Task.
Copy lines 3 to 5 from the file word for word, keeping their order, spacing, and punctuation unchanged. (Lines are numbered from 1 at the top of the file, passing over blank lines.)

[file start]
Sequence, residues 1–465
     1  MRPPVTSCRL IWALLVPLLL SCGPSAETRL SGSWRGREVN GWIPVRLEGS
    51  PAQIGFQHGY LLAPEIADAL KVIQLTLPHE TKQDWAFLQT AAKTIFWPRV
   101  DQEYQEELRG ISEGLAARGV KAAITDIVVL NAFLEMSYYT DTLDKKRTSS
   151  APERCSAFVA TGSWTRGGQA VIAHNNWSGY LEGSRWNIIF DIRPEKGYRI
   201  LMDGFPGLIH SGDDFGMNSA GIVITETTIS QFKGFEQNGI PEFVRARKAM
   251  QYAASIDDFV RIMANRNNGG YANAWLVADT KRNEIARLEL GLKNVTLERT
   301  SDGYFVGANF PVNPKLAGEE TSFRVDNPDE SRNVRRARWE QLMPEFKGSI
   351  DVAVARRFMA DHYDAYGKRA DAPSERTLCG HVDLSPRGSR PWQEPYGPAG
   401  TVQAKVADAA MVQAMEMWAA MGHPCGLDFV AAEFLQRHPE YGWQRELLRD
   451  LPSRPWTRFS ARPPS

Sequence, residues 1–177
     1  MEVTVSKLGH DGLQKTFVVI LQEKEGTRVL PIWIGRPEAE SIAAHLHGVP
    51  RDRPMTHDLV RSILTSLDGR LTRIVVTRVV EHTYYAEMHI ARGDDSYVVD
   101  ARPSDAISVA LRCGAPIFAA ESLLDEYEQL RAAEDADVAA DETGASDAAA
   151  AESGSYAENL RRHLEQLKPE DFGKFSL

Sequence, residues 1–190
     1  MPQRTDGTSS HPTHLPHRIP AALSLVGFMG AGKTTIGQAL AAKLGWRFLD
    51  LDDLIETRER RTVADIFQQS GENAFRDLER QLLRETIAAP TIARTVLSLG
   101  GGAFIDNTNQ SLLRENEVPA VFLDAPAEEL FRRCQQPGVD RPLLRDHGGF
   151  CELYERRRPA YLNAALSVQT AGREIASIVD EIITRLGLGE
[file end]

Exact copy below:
    51  PAQIGFQHGY LLAPEIADAL KVIQLTLPHE TKQDWAFLQT AAKTIFWPRV
   101  DQEYQEELRG ISEGLAARGV KAAITDIVVL NAFLEMSYYT DTLDKKRTSS
   151  APERCSAFVA TGSWTRGGQA VIAHNNWSGY LEGSRWNIIF DIRPEKGYRI